On Independence Day

Happy Independence Day! I am proud to be an American and so very thankful for the freedom we experience in the United States. 

 

I have seen many articles or posts reminding Christians that we are citizens of heaven and worldly allegiance has no place in our hearts and minds. I disagree. Yes, as a follower of Christ my ultimate citizenship is in heaven and I truly believe that all humans are created equal and have intrinsic value because they are created in the image of Christ. Being a Christian and obeying God’s law will always have a higher priority than national patriotism or allegiance. But that does not mean that we cannot support our nation and identify with our physical location.

In my opinion, saying that being a Christian means that you cannot celebrate being American is similar to the argument for people being color blind. I do not want people to be color blind, I want people to see the beauty in all people groups and skin tones. I want people to see me as Asian and to understand how that has shaped me. I do not put my hope and trust in the United States of America, but I am so very thankful that I grew up here and was able to hear about Jesus every day from multiple avenues to build and strengthen my faith. So many other countries do not have that luxury and if I had grown up in South Korea then I would not have heard the gospel until a much older age (I know this from correspondence with my birth family and their religious experience). I believe I can be a Christian who keeps eternity in mind while celebrating the founding of this country, which allowed the opportunity for me to become a Christian in the first place.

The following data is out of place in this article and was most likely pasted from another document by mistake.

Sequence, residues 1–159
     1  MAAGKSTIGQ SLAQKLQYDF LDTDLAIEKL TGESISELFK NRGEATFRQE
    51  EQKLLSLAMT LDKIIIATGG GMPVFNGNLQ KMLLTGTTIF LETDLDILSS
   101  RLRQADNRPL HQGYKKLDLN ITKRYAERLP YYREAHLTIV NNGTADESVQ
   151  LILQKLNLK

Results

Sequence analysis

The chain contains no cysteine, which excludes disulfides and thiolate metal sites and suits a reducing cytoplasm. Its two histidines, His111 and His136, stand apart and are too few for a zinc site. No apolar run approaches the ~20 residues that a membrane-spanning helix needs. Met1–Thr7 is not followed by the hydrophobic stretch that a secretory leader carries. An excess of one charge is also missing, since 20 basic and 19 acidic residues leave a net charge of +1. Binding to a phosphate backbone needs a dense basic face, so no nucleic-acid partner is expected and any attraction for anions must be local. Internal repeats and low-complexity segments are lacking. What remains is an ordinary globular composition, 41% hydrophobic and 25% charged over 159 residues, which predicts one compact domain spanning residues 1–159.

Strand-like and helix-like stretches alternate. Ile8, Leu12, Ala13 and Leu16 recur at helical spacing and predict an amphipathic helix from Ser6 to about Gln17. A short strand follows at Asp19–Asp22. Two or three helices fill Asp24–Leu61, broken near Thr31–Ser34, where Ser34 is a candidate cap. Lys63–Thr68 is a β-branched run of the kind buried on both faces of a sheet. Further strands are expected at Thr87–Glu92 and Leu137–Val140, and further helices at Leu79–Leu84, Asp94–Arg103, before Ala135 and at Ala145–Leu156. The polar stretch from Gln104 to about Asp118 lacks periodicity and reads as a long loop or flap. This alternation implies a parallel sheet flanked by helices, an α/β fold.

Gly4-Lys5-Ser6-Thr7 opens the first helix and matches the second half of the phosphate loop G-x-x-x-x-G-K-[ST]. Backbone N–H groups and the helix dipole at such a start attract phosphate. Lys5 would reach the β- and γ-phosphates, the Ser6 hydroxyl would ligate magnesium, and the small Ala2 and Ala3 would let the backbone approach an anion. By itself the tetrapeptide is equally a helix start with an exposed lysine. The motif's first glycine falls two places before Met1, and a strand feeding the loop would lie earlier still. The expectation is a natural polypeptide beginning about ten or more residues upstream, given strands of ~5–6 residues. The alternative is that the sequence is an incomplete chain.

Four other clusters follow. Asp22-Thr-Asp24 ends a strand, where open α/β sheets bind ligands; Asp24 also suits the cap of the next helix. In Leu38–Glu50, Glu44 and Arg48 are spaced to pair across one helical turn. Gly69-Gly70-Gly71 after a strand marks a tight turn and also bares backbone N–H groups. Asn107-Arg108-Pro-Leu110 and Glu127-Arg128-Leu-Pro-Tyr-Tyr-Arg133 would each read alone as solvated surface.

This is a difficult query and I have wrestled with it (and do not have definitive answers). I think some clarifications need to be made regarding celebrating Independence Day.

  1. God can and will speak to any heart. Creation bears witness to His majesty and truth, so God can make Himself known to people all over the world- certainly not just in America. But this does not mean we should take for granted the blessing it is to live in a country where teaching and preaching the gospel is legal and readily available. 
  2. Even though there are a lot of issues with our country socially and politically, we can take pride in the progress we have made and do our part to ensure our freedom continues to grow and expand, in accordance with God’s truth. 
  3. On that note, being thankful for freedom does not mean there is not work to do. Just because we do not (and cannot, as this world will remain fallen until Jesus returns) live in a perfect world does not mean that we cannot be grateful for and appreciate the freedoms we enjoy that so many in our world do not. 
  4. Being proud to be an American does not mean thinking lesser of other nationalities. I have traveled to at least eight other countries and appreciated their cultures and traditions. Just as being ethnically Korean is part of my heritage, having American nationality is part of my story. It has greatly shaped who I am and I am not ashamed of that. It is a great privilege to have grown up in the United States (especially as I was not born here) and I am grateful for it.
  5. Our ultimate freedom comes through salvation through the sacrifice of Jesus Christ. Any freedoms we experience in this world are just extra. Freedom in this world is fleeting- it can be taken by men, it can be destroyed by forces of nature, or it can be diminished by persecution. But the freedom that comes from Christ is eternal and lasting and nothing can separate us from His great love.

This is surely not an all-inclusive list and does even begin to scratch the surface of patriotism or eternal citizenship, but I believe I can be living with eternity in mind AND be proud to be an American. May God continue to bless America and may we individually and corporately turn back to our first love and be saved.

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